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3

It seems to me like there are three worlds in OR: users of commercial MIP/LP solvers like Cplex or Gurobi users of free / open-source MIP/LP solvers users of other type of solvers - constraint solvers, sat solvers ... I'm in third group since I focus on constraint solvers, and help choco solver and or-tools solvers to be better. Without source codes it ...


13

Update: Since you updated your question might as well chip in, since I've worked with COIN-OR software a lot at the code level. In my experience, a lot of the open-source optimisation codebases (e.g. CBC) succeed in being amazing solvers, but fail in being great open-source projects. The heart of any successful open-source project (and by "successful&...


10

Disclaimer: I do work for Fico/Xpress, one of the leading commercial optimization solver developers, but this is my own personal opinion. I agree 100% with the comment about where the value is: the model or the algorithms. In ML the value is in the data/mode/computing power, in OR it is more in the algorithms. About cultural differences: if you are an ...


25

As someone who uses a lot of commercial/open-source OR software and incidentally tried coding my own solver, the underlying question is that of continued funding and support. As mentioned in another answer, LP/MIP solvers have been around for over 30 years (fun fact: technically, solving LPs and MIPs pre-dates software itself). This means continued ...


15

Disclaimer: although I work for Gurobi, the views in this post are entirely my own. I believe there are a few reasons for this trend: First of all, the industries were "born" in different times. Bob Bixby founded CPLEX in 1988 (or thereabouts), while PyTorch was first released in 2016. This also means though that these two industries are in ...


5

This problem can be elegantly formulated through Constraint Programming (CP). This problem does not have an objective function: it's a Constraint Satisfaction Problem, not a Constraint Optimization Problem. CP would be a natural choice for this problem, since CP, similar to how humans would solve this problem, relies on a technique called 'inference'. In CP, ...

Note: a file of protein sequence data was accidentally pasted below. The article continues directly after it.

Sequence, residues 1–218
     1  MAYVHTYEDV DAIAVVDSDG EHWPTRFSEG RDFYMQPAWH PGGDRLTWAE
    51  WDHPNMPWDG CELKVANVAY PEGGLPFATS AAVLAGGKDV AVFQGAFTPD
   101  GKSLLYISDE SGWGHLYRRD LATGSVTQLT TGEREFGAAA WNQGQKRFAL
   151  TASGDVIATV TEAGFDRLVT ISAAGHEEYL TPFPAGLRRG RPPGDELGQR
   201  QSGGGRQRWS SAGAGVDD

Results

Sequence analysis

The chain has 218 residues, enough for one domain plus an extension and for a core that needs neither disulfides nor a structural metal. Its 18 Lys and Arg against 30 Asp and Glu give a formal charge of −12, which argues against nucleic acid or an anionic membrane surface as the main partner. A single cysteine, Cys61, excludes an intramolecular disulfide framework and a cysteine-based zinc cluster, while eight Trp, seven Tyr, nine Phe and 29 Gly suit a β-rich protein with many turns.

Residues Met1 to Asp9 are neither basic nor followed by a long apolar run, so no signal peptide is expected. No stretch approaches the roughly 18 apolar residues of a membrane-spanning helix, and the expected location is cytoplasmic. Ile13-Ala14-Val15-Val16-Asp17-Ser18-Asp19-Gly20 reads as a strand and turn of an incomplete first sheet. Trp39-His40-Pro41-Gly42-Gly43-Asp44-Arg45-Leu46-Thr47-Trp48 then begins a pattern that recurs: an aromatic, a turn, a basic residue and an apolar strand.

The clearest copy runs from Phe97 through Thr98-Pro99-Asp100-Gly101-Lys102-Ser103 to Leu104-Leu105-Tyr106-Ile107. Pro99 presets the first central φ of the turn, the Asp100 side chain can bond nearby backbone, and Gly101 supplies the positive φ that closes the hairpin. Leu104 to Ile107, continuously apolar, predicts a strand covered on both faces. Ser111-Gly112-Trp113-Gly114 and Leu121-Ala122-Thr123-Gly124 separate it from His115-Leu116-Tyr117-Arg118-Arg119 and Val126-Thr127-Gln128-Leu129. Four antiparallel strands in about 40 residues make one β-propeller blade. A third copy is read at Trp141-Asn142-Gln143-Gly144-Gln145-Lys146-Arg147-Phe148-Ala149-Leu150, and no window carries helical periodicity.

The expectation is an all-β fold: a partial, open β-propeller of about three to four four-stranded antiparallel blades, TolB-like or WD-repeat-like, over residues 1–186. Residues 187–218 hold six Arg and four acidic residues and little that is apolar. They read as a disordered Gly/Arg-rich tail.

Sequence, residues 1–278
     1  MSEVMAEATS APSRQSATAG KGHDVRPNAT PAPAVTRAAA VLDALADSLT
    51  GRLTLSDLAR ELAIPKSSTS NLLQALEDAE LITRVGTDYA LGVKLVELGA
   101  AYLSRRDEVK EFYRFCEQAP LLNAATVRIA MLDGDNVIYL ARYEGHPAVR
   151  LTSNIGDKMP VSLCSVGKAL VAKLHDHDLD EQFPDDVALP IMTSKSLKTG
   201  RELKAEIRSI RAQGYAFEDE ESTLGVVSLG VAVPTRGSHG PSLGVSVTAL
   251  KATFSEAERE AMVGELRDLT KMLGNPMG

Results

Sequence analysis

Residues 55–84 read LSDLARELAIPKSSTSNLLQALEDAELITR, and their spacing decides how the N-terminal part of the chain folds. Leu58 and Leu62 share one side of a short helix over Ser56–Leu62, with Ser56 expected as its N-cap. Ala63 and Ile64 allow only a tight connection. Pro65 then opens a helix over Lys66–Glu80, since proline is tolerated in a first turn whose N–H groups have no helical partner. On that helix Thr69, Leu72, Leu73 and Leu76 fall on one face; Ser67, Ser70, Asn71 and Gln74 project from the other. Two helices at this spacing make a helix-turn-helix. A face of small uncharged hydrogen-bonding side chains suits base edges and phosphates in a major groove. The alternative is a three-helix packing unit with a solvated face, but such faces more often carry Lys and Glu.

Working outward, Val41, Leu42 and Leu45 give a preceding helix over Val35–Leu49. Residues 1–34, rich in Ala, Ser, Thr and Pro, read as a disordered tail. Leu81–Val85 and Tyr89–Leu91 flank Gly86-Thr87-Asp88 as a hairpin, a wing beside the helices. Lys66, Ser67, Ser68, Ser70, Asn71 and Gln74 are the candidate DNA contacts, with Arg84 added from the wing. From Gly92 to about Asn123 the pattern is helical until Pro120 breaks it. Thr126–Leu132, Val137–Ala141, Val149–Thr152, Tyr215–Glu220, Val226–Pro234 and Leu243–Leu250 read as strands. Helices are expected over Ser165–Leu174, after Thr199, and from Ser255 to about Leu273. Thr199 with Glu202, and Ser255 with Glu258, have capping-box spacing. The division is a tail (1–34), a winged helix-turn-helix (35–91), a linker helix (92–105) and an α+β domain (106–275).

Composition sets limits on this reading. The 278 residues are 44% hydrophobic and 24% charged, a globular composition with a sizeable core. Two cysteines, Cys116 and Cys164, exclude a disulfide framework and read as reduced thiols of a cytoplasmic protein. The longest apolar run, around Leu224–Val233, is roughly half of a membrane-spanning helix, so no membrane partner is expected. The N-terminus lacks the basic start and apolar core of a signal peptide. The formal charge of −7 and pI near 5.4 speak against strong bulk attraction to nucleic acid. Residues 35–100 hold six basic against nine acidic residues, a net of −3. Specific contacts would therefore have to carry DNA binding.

4

You can solve this using a constraint satisfaction/constraint programming (CP) solver (and possibly modeling language). In R, you might use the rminizinc package package, which links to the open-source MiniZinc language, which comes with a number of solvers. CP models (which can be optimization models but are often just constraint satisfaction models) can be ...


7

This is similar to the well known Zebra Puzzle. You can solve it using integer programming techniques as follows: Define binary variables $x_{p,n}^h$ that take value $1$ if and only if player $p\in \{Bill,...,Tony\}$ has nickname $n \in \{Slats,...,Tree\}$ and height $h \in \{6,...,6'6 \}$. So $x_{p,n}^h=1$ if and only if combination $(p,n,h)$ is valid. ...


2

I am pretty sure, this is not the best way to tackle such a problem, specifically from the computational complexity point of view, but at least it might be represented as an effort to solve small-scale problems. As you mentioned: All the vehicles have the same maximum capacity $J$ Each customer gets a single package so that n packages are delivered... I ...


2

In preliminary tests, a greedy heuristic seems to do rather well for the problem. The greedy heuristic I tried starts out with each transmitter being a cluster of size 1, and then loops indefinitely. In each pass through the loop, all pairs of clusters are considered for merging. Any merger that would result in a cluster that exceeds the cluster size limit ...


2

This can be formulated as a MIP model using a gaggle of binary variables. First, we introduce some parameters. $\tau(u)$ is the index of the transmitter with highest weight for user $u$. I will charitably assume this is unambiguous (no ties for closest transmitter). $\overline{Q}_u$ is an upper bound on the possible values of $q_u$ for user $u$. $C$ is the ...


3

Say your variables are $x_1,\ldots, x_n$. The first constraint could be modeled as $$\sum_{i=1}^n x_i \leq C.$$ This makes sure that not more than $C$ variables are chosen. If understood your question correctly the optimal solution may only have non-zero values for variables in the same group and not all variables from the group are mandatory to be selected....


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